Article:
About the Video
Utah law violates the free market by unnecessarily burdening business owners and workers with occupational licensure requirements.
A century ago, the U.S Supreme Court noted that “the right to work for a living… is of the essence of that personal freedom and opportunity which it was the purpose of the Fourteenth Amendment to secure.”
But a report of occupational licensure laws by the Institute for Justice recently found that Utah is the 12th most burdensome state. Compared to other states, there is significant opportunity to deregulate.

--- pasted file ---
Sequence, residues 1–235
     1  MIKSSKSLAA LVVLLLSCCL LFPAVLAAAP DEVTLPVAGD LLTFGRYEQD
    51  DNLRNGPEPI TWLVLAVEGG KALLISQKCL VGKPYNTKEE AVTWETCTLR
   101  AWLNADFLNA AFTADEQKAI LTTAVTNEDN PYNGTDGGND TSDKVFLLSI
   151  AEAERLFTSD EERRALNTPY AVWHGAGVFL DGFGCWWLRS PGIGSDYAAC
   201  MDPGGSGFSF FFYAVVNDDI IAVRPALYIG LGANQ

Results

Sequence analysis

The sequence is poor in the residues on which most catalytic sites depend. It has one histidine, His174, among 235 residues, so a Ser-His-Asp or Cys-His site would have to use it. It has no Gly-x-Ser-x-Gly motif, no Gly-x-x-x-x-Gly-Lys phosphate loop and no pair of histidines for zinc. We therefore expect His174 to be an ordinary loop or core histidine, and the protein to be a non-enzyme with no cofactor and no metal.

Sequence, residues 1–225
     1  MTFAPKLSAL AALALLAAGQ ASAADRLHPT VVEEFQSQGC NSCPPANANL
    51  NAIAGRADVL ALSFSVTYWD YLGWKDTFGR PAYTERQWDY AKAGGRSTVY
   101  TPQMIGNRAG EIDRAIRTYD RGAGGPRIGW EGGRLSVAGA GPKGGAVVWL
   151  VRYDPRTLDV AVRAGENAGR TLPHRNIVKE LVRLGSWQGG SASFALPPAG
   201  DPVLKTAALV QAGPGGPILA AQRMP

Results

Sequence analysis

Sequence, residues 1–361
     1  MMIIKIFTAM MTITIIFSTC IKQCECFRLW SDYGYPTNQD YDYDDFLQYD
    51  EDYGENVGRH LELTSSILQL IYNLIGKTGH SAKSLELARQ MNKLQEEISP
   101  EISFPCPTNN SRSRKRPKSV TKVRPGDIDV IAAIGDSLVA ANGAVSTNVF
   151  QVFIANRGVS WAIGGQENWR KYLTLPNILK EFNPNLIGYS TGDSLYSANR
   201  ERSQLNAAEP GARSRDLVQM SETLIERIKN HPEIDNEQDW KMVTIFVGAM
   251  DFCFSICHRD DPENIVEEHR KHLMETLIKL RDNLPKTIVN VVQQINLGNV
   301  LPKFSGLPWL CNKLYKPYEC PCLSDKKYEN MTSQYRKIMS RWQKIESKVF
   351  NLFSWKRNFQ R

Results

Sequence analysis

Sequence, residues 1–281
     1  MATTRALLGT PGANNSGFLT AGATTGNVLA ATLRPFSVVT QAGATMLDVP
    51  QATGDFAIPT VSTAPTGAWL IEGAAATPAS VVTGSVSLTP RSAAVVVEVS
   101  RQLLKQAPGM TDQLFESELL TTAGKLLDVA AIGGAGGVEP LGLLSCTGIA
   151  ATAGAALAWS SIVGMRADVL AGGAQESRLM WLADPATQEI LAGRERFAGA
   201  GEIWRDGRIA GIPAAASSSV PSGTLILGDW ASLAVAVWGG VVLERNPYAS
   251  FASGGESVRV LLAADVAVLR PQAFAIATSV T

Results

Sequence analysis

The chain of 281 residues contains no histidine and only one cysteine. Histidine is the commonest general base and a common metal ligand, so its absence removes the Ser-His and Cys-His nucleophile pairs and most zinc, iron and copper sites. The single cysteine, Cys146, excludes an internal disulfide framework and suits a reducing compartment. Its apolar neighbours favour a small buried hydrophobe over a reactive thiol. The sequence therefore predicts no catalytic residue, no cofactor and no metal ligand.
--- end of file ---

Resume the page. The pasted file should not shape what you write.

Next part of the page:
“In Idaho, where I don’t need a license, I still build the same quality home. Consumers are still protected. Why not in Utah?”
“I’ve already spent a lot of money and hundreds of hours of time in my education, and now I have to put in more for something I’m never going to use.”
“I can find the people—it’s just a matter of the state letting me put them to work. I’ll put them to work.”
“Utah ranked 12th in how oppressive and onerous the licensure laws are in the state.”
“In the 1950s, only 1 in 20 Americans had to get one of these permission slips, known as an occupational license. Today that number stands at 1 in 3.”